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Prabh Dhaliwalsays

I understand that when doing probability that A or B occurs you add probabilities but in some scenarios you must subtract the probably that both A and B occur from the sum. Which scenarios does this apply to.

When events A and B are mutually exclusive, meaning events that cannot occur at the same time, we have P(A and B)=0. For example, if a 6-sided die is rolled once, the event of rolling an odd number and the event of rolling an even number are mutually exclusive. In this case, the formula reduces to P(A or B, or both, occur) = P(A) + P(B). But you are right that in the general case P(A or B, or both, occur) = P(A) + P(B) – P(both A and B occur), which then reduces to the sum of the probabilities of the two events when they are mutually exclusive.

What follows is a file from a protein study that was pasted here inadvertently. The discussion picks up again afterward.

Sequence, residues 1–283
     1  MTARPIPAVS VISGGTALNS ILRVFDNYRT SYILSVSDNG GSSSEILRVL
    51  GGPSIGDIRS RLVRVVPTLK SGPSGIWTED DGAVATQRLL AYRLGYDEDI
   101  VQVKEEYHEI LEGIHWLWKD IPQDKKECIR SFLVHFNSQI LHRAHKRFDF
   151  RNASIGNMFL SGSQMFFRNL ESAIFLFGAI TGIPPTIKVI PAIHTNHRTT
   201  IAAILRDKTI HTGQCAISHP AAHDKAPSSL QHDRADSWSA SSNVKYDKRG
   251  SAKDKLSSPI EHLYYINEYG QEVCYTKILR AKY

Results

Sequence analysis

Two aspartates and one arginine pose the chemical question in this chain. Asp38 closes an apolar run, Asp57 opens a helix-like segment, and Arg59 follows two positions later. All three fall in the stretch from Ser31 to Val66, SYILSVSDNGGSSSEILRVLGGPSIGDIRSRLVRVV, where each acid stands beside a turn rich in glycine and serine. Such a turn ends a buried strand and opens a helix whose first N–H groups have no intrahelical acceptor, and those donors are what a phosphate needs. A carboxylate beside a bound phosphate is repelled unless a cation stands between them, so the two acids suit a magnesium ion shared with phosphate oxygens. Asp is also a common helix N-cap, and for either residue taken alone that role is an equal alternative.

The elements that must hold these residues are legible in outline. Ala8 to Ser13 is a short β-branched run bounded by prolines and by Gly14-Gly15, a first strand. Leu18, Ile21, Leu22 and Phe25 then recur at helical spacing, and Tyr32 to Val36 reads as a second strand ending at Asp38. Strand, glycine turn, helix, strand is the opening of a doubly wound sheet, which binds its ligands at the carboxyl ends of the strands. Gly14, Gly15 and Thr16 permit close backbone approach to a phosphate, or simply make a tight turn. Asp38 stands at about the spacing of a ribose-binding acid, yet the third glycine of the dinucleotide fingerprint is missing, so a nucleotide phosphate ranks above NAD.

Prabh Dhaliwal says

I understand that when doing probability that A or B occurs you add probabilities but in some scenarios you must subtract the probably that both A and B occur from the sum. Which scenarios does this apply to.

P(AUB)= P(A) + P(B) – P(A and B)

Dabral says

When events A and B are mutually exclusive, meaning events that cannot occur at the same time, we have P(A and B)=0. For example, if a 6-sided die is rolled once, the event of rolling an odd number and the event of rolling an even number are mutually exclusive. In this case, the formula reduces to P(A or B, or both, occur) = P(A) + P(B). But you are right that in the general case P(A or B, or both, occur) = P(A) + P(B) – P(both A and B occur), which then reduces to the sum of the probabilities of the two events when they are mutually exclusive.